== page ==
CARD GAME FARAON HELP

Aug 14, 2020
11
0
Hello! what kind of card game is this? What are the rules ?
3 cards are dealt, you can change the cards as in poker bets are made, and at the end the cards are revealed. According to the author's work (N. V. Gogol), they played Pharaoh (stoss) But I don't understand the rules. Please help me!

Video 25:42
Thank you for your attention, I hope I will understand this card game
 
Sep 1, 2007
331
114
36
Calgary
Also, Bicycle sells the index-less deck of cards commonly used to play Faro.

 
Sep 1, 2007
331
114
36
Calgary
Reviving this briefly because I came across an interesting paragraph on Denis Behr's database of conjuring credits while I was researching the Faro Shuffle. The original poster might find this information useful:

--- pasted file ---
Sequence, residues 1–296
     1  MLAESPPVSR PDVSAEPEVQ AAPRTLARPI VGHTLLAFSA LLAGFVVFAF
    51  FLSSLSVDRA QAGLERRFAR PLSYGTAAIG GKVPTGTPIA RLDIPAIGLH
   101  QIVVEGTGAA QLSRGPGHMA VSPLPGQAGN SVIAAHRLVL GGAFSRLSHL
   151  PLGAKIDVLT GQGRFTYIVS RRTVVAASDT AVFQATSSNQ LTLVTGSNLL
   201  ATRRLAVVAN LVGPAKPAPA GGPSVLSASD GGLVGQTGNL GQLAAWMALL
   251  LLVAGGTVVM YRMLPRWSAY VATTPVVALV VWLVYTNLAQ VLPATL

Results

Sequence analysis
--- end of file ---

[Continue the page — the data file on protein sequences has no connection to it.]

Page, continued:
"The original purpose of the faro shuffle was to gain an advantage at the game of faro. To understand its usefulness, it helps to understand the game it was used in. A simplified look at faro is to think of it similar to roulette: Players bet on a value of card and hope that it comes up. The croupier deals out two cards: one winner, and one loser. If the player bet on the winning card, he doubles his money; if he bet on the losing card, he loses his bet; if he bet on any other card, he neither wins nor loses. The crucial detail is that if two of the same value come out as the winning and losing cards (e.g., two kings), the dealer takes half of the player's bet on that card. This “doublet” or “split” is the main house advantage, and it's where the faro shuffle is used to unscrupulously stack the odds in the house's favor. By keeping track of specific cards dealt into the winning and losing piles, the dealer will position them at the same positions in their respective halves. When the two packets are perfectly woven together, the pairs will align next to each other. The next time the cards are dealt, there will be more doublets than random chance would provide, making more money for the house. A secondary – and bolder – use of the shuffle was to stack the deck to target players who consistently bet on the same card. The dealer would secretly get all the cards of that value in one half of the deck before weaving the cards together. This would position the cards to always fall in the same pile – the losing pile. For more details on the game of faro, see The New Pocket Hoyle, 1807, p. 139, Jonathan Harrington Green's An Exposure of the Arts and Miseries of Gambling, 1843, p. 165, the anonymous A Grand Exposé of the Science of Gambling, 1860, p. 1 of the 2010 edition, and The Official World Encyclopedia of Sports and Games, 1979, p. 158."
 
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